Let’s begin with a poem called “And God Said If” that helps set the scene:

If you never felt pain,
Then how would you know that I’m a Healer?

If you never went through difficulty,
How would you know that I’m a Deliverer?

If you never had a trial,
How could you call yourself an overcomer?

If you never felt sadness,
How would you know that I’m a Comforter?

If you never made a mistake,
How would you know that I’m forgiving?

If you never were in trouble,
How would you know that I will come to your rescue?

If you never were broken,
Then how would you know that I can make you whole?

If you never had a problem,
How would you know that I can solve them?

If you never had any suffering,
Then how would you know what I went through?

If you never went through the fire,
Then how would you become pure?

If I gave you all things,
How would you appreciate them?

If I never corrected you,
How would you know that I love you?

If you had all power,
Then how would you learn to depend on me?

If your life was perfect,
Then what would you need me for?

Pause and consider that final line for a moment:

If your life was perfect,
Then what would you need me for?

This is a sermon about a failure so shocking that we still talk about it 2000 years later. There are really two parts to Peter’s story-his three-fold denial the night Jesus was arrested and how Christ forgave and restored him. The first part depends wholly on Peter, the second wholly on Jesus.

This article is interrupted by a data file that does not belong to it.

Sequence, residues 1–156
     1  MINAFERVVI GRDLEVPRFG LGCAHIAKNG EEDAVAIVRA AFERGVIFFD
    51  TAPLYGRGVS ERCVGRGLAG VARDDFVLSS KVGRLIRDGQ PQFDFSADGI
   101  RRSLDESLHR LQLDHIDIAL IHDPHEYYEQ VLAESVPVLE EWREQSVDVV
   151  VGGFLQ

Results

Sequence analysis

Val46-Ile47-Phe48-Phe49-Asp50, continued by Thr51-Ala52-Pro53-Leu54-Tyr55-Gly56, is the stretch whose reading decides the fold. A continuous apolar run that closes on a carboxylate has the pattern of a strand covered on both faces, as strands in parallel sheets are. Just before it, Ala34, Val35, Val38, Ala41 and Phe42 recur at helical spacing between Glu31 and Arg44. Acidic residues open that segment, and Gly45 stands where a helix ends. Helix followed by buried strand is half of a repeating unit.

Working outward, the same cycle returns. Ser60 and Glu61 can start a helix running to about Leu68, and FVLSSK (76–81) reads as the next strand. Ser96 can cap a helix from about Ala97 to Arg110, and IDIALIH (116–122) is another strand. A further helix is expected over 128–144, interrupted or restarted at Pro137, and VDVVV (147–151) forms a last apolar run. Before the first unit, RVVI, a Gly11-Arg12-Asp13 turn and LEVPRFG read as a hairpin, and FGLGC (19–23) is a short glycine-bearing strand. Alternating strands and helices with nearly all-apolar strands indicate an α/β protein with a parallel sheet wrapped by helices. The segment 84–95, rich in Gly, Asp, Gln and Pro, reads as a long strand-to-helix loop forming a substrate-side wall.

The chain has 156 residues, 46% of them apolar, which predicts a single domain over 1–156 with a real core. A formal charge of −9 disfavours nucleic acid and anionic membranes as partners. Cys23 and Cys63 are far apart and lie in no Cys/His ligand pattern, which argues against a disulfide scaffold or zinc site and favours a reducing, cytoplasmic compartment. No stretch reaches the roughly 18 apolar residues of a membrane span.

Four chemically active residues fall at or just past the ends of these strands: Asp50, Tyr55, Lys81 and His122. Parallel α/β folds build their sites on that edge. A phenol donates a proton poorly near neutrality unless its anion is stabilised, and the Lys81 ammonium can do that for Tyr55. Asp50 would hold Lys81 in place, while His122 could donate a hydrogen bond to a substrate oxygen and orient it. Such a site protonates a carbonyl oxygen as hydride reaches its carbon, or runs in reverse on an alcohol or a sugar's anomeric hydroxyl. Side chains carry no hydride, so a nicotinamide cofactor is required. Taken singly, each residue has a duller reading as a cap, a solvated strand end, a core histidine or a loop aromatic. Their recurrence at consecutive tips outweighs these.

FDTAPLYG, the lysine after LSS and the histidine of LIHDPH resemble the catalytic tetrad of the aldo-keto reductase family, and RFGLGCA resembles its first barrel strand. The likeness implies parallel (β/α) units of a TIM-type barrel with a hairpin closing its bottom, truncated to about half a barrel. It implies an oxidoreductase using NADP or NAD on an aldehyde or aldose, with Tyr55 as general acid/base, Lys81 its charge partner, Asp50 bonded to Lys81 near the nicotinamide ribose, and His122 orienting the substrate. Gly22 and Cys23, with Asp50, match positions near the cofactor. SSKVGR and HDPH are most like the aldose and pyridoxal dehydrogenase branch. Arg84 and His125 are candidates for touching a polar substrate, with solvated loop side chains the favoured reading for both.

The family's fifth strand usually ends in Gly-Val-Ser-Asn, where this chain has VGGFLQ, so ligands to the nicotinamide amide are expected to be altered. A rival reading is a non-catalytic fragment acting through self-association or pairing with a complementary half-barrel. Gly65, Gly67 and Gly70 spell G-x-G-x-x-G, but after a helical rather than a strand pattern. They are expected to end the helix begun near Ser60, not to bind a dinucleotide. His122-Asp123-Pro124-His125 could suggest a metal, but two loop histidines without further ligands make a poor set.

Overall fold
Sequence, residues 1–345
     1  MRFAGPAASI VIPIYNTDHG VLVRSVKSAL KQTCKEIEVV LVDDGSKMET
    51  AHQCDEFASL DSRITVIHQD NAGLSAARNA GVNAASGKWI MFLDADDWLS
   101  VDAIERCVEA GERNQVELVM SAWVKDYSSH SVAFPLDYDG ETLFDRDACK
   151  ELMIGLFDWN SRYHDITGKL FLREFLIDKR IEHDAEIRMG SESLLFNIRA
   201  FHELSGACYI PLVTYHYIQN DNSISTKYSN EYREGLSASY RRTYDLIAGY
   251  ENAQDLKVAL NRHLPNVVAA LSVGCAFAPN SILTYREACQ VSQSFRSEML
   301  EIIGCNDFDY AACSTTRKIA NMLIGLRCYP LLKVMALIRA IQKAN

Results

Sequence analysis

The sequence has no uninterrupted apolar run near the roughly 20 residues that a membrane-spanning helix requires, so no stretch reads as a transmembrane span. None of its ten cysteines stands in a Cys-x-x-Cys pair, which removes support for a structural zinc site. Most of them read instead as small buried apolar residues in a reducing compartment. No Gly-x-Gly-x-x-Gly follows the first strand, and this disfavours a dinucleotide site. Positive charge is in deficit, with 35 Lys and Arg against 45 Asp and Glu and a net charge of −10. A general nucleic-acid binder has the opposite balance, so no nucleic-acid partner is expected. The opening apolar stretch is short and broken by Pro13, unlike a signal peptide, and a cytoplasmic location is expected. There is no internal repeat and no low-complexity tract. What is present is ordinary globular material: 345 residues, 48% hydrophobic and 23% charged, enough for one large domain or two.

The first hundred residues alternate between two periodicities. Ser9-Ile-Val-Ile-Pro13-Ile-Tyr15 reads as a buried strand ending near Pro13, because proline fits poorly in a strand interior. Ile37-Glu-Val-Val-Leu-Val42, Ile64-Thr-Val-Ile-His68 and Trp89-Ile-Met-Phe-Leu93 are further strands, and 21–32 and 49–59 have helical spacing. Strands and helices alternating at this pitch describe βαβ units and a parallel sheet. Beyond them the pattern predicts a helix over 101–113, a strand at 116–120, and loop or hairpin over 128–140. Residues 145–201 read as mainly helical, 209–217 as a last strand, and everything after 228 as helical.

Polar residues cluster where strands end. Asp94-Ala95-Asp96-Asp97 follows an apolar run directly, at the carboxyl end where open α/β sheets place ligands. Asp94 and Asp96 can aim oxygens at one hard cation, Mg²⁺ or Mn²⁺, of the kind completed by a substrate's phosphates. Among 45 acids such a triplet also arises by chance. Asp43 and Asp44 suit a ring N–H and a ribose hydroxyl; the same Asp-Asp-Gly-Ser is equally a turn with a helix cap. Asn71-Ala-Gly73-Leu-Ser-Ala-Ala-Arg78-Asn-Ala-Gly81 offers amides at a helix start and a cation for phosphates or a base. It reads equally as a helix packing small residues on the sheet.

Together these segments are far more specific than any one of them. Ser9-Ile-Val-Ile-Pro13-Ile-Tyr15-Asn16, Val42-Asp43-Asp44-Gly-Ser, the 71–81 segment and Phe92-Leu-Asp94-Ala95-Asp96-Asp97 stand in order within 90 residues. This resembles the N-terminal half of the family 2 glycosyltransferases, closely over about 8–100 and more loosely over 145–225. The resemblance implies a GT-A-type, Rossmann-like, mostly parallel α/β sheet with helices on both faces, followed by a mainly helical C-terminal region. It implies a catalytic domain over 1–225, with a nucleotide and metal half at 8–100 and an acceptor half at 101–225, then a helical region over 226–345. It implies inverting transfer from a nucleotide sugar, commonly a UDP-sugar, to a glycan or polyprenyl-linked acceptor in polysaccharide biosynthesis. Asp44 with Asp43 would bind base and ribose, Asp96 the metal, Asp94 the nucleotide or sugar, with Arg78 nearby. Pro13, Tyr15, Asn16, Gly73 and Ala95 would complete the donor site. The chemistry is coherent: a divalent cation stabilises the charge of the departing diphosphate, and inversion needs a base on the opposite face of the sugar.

Peter was in charge of his own failure.
Christ took charge of restoring him.

Behind this story lies a wonderful, liberating, hope-filled truth: Failure is an event, not a destiny. This is good news because we all fail sooner or later, and if we are honest, we all fail over and over again. As Peter’s story abundantly proves, it’s not our initial failure that ruins us. It’s what happens next that matters.

Failure doesn’t mean you have blown everything. It means you have some hard lessons to learn.
It doesn’t mean you are a permanent loser. It means you aren’t as smart as you thought you were.
It doesn’t mean you should give up. It means you need the Lord to show you the next step.
It doesn’t mean that God has abandoned you. It means that God a better plan.

Only those who have greatly failed will truly appreciate this story. If you have only failed in small things, then you will not be deeply moved. But if you have known the shame of large failure, then listen up. This story is for you.

You can read the entire article here.

You can reach the author at ray@keepbelieving.com. Click here to sign up for the free weekly email sermon.